Julia (25) leads a healthy life. That means she cooks at home, follows a vegetarian diet, takes extra vitamins and exercises four times a week. She currently has no commitments at the university. Because she already has a higher professional education (HBO) diploma in HR, she is exempt from her elective course in the final year of her Bachelor’s programme in Psychology. Now she uses the time when she would normally be studying to learn more about health, nutrition and the nervous system.

Julie knows exactly how much a healthy lifestyle costs. Every month, she spends between €200 and €250 on groceries. Her vitamins cost €40 per month and a gym membership is €35. In November, she tracked all her expenses in an Excel file. “Every cost item is there, even birthdays. I keep all my receipts and write down everything I spend. That way, I know exactly how much money I’m spending each month.”

Living costs money

She recently had to leave her flat in Capelle aan de IJsel. The statutory two-year temporary rental period was over, so Julie had to find something new. Now she lives on the other side of the city, in a renovated flat in Overschie. The flat is completely gas-free, with four solar panels. She found it for rent on the social housing market. Forty homes became available, and whoever responded first would get a flat. “I replied within seconds and was number eight.”

“Moving costs money”, Julie says. That’s why she borrowed extra money from DUO. “My last place was smaller than this, so there’s more space to fill. And I had to buy a new refrigerator and my own oven.”

She lives in the flat with her boyfriend. They share the costs and are entitled to a housing benefit. Together, they spend around €630 per month on housing. “We hardly had any electricity costs in the summer, but now that it isn’t as sunny, we’re paying more again.”

DUO helps in the future

Before Julie started living on her own, she borrowed some money from DUO. On her father’s recommendation, this allowed her to save money for a house or other future expenses. Since becoming self-sufficient over two years ago, she now covers her monthly expenses using the money in her savings account.

Julie is currently recovering from whiplash, which means she is temporarily unable to work. As a result, she’s had to go without the €200 she previously earned providing childcare. She now borrows €500 per month from DUO. Her mother gives her €25 every week for groceries, and she gets €50 per month from her boyfriend’s parents. “It’s a shame that my generation didn’t get student grants. If I were to start my studies now, I wouldn’t have any student loan debt. I could live off the grants. I sign petitions against this system, but I don’t take part in any activism. I try not to worry too much about my debt.”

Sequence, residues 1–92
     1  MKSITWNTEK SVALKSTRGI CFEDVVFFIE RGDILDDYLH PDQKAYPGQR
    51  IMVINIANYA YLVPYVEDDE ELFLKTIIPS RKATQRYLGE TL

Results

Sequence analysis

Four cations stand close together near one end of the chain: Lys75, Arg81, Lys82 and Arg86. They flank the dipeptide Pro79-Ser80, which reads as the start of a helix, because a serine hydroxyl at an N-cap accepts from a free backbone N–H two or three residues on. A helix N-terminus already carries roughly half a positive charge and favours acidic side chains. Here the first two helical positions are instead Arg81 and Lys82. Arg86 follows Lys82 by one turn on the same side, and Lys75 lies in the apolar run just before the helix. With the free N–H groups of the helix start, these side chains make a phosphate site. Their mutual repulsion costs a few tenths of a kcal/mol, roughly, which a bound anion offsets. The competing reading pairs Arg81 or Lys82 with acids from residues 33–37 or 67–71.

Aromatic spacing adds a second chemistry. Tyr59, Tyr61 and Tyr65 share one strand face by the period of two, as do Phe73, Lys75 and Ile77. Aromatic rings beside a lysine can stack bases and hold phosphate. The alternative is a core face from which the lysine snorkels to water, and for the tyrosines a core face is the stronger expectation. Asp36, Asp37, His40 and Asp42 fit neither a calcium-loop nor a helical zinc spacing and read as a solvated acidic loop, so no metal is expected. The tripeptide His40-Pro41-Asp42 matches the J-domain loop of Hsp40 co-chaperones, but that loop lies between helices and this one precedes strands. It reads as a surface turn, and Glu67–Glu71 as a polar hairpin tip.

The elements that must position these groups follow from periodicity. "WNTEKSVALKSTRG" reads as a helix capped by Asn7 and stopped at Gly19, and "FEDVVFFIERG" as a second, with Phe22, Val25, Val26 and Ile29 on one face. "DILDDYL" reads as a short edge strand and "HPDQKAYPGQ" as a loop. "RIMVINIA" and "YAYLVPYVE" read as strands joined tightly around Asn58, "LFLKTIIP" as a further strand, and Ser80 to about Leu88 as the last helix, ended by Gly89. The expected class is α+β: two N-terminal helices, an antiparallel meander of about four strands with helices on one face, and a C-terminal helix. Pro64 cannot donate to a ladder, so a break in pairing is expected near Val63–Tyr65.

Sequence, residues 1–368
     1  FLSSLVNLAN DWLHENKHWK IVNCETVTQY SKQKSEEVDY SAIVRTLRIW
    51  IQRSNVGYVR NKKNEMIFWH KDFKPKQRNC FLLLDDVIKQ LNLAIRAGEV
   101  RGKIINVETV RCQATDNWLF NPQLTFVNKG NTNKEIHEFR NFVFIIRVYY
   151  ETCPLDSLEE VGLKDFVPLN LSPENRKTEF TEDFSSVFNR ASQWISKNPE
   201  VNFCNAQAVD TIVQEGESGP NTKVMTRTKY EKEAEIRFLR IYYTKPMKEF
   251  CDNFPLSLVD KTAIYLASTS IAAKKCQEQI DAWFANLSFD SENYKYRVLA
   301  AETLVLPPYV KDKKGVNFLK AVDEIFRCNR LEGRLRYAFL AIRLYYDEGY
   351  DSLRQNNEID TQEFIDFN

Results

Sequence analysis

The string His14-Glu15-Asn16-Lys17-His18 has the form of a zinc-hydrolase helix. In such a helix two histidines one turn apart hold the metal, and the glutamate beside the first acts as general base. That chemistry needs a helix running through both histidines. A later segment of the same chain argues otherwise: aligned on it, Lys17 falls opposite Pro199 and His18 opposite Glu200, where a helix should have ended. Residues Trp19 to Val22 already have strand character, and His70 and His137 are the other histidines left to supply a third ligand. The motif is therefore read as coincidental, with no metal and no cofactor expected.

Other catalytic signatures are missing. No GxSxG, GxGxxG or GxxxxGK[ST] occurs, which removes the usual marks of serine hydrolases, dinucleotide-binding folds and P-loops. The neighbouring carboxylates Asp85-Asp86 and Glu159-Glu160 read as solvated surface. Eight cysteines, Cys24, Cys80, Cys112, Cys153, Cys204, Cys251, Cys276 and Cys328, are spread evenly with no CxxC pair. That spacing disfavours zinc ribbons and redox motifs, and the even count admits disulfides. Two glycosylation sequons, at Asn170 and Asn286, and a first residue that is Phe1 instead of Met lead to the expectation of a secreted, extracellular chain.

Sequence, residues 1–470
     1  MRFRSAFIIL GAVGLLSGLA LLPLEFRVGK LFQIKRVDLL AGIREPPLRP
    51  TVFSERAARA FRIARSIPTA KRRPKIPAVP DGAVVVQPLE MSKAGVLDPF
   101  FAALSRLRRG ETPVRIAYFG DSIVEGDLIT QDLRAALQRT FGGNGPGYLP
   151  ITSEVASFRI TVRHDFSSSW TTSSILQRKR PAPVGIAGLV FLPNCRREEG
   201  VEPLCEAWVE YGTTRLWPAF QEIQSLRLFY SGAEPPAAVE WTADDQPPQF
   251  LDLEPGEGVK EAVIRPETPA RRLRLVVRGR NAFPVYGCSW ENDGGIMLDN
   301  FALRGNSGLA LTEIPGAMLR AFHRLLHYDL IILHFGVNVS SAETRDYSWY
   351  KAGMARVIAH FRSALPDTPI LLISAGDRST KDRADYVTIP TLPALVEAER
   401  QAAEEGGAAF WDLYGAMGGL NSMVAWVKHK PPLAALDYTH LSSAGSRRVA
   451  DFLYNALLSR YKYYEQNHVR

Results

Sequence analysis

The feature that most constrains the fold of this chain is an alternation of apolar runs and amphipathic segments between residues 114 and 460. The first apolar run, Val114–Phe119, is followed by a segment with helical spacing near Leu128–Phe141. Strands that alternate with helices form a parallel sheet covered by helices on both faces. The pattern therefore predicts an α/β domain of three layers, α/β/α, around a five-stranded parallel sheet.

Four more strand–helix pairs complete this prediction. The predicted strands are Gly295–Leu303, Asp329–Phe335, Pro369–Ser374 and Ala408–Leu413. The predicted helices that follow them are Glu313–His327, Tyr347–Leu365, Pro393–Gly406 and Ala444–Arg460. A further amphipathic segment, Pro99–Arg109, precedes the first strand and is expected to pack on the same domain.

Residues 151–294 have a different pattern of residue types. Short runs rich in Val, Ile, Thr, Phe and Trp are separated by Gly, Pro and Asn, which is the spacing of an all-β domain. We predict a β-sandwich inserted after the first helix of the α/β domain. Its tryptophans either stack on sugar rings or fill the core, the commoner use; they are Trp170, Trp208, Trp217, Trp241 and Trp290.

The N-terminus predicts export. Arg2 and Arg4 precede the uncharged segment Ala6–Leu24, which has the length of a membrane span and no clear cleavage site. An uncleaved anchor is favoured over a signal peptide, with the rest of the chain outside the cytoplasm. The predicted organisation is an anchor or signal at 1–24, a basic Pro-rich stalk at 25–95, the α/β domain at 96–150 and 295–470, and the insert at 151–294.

Saving money

According to the Excel spreadsheet, Julie spends €820 per month. She doesn’t budget for holidays. If she wants to take a holiday, she borrows money from DUO. In the meantime, she pays attention to the little things. For example, Julie makes her own laundry detergent using a bit of soap, baking soda and water. “Making your own cleaning products is good for the environment and much cheaper than buying detergent from the supermarket. I love creative projects.”

She often meets with friends at their homes. “I think it’s a waste to pay €3 for a cup of tea at a restaurant or café, no matter how nice it is.” After this academic year, Julie will have her Bachelor’s degree, at which point she wants to start working full time. “I can’t wait until I start making my own money. I don’t need to earn a lot, but I think it would be nice not to worry so much about how expensive life is. Then I’ll be able to take my family out to dinner at some point.”

Income: €150 from her parents (in law) and €500 loan from DUO

Rent & utilities: €400 per month

Groceries: between €200 and €250 per month

Eating out/going out: €100 per month, ‘for birthdays and drinks’.

Worst purchase: “I always think very carefully before I spend money. But I have a lot of plants. The plants I don’t have room for are sitting by the window in the communal stairwell.”

Last major expense: “An air purifier that cost €350. The air quality in Overschie isn’t very good.”

Saving for: “I’m not saving at the moment.”

Absolutely does not want to cut back on: Food.

Valeriya Minaeva blockchain lisboa (4) own photo

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